HARTFORD, Conn. — A dentist has been charged in the death of a patient who became unresponsive while having 20 teeth pulled and several implants installed.
Rashmi Patel turned himself in Tuesday at the Enfield Police Department and was charged with a misdemeanor count of criminally negligent homicide and a felony count of tampering with evidence, police said. Patel has offices in Enfield and Torrington.
The charges came a year after Patel's patient Judith Gan died at a hospital on Feb. 17, 2014. State dental regulators concluded that Patel failed to adequately respond when Gan's oxygen levels dropped dangerously low as she was consciously sedated in the middle of the tooth extraction and implant procedures in his Enfield office that day.
Patel, who posted $25,000 bail, has denied any wrongdoing in his treatment of Gan.
"Dr. Patel disputes the charges and urges that the charges be dropped," his attorney Paul Knag said in a statement Wednesday.
Gan's death and other incidents prompted the State Dental Commission in December to suspend Patel's license pending a months-long review of his practice and permanently ban him from performing conscious sedation.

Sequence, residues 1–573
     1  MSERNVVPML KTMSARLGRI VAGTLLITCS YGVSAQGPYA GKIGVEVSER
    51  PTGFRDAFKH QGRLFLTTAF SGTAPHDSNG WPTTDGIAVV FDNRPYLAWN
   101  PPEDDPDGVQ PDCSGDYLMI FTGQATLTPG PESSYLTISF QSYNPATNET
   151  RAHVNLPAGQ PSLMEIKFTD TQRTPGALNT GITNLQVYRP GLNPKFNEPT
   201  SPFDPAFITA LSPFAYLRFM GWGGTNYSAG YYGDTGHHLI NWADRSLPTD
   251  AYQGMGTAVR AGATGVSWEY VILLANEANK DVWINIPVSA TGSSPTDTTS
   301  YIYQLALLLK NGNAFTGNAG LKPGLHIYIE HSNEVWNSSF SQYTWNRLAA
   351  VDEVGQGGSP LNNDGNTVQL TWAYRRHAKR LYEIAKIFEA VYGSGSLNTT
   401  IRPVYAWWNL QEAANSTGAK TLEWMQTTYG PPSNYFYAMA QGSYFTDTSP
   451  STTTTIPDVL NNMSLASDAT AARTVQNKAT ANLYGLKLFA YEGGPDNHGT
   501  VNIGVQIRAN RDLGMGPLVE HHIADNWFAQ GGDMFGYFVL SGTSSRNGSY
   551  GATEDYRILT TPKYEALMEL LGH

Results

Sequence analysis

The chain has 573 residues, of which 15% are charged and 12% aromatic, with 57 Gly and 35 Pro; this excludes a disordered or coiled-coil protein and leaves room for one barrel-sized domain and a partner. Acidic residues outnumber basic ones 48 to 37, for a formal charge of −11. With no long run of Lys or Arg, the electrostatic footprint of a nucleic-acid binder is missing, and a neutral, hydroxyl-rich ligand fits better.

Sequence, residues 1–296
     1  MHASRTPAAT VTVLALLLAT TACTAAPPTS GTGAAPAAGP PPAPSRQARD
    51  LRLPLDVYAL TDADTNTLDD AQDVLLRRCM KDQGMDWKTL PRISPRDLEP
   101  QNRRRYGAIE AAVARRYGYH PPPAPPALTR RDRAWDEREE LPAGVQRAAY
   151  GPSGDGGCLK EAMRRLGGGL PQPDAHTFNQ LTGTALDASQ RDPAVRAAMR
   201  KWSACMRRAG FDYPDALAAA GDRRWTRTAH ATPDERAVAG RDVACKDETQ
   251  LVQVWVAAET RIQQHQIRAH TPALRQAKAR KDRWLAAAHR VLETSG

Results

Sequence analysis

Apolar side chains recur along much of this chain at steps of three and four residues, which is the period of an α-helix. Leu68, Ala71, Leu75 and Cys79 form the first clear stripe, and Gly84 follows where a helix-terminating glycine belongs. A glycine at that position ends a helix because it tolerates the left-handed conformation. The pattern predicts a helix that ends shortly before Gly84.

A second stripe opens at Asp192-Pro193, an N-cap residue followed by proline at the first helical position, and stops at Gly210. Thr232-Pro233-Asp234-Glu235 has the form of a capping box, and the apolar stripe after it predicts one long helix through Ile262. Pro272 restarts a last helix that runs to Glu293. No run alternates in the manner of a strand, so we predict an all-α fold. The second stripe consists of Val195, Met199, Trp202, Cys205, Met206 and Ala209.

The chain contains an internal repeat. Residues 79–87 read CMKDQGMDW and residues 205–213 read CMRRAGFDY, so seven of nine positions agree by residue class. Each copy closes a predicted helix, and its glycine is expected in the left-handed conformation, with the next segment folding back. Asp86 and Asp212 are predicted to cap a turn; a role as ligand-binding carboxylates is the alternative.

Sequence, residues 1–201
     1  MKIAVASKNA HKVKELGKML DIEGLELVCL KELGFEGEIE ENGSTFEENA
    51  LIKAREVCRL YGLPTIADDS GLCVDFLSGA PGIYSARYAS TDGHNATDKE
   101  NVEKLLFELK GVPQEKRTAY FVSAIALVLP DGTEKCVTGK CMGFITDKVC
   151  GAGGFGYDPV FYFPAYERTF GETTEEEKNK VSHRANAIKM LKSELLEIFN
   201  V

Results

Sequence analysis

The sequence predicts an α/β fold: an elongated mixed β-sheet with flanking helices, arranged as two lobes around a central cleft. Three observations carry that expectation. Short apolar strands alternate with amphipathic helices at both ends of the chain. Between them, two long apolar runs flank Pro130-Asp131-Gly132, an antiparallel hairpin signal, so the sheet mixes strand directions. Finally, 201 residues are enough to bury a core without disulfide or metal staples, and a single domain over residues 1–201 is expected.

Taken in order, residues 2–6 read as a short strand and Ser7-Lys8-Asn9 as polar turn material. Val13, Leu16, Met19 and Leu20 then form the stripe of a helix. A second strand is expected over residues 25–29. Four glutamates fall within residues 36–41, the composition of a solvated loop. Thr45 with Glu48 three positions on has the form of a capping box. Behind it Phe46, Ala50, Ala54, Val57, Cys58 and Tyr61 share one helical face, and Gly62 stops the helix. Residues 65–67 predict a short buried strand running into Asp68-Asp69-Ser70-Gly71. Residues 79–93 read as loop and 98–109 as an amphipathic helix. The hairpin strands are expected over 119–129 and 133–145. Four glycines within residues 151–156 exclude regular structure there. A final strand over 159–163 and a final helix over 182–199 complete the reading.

But, Krag said, the commission did not revoke Patel's license.
"In the Dental Commission proceeding, multiple expert witnesses testified that Dr. Patel followed the standard of care," Krag said. "The state's seeking of criminal charges is contrary to this evidence and inconsistent with the decision of the Commission not to revoke his license."
The commission said in a report that Patel "ignored" signs that Gan, of Ellington, was in distress, including the drop in her oxygen saturation, changes in the color of her face and hands and wheezing and gurgling sounds. The commission said Patel, who lives in Suffield, also ignored warnings from his dental assistants that Gan was in danger and continued with the procedures.
When one of Patel's assistants yelled that Gan was "flat lining," Patel tried to revive Gan while the assistant called 911, according to the Dental Commission's report. Gan, 64, was rushed to a hospital, where she was pronounced dead.
The commission also found that Patel should not have attempted to perform so many procedures on Gan in one office visit given that her medical history included a heart attack six months before the visit, two strokes within the last two years and medication that could have affected her response to the sedation.
Patel also violated care standards in December 2013 when another patient under conscious sedation to have teeth extracted inhaled a piece of gauze called a throat pack, which was designed to protect him from swallowing foreign objects, the commission found. The patient began flailing, his blood pressure spiked and he was rushed to a hospital but recovered.
A lawyer for Gan's husband has said a lawsuit against Patel is planned.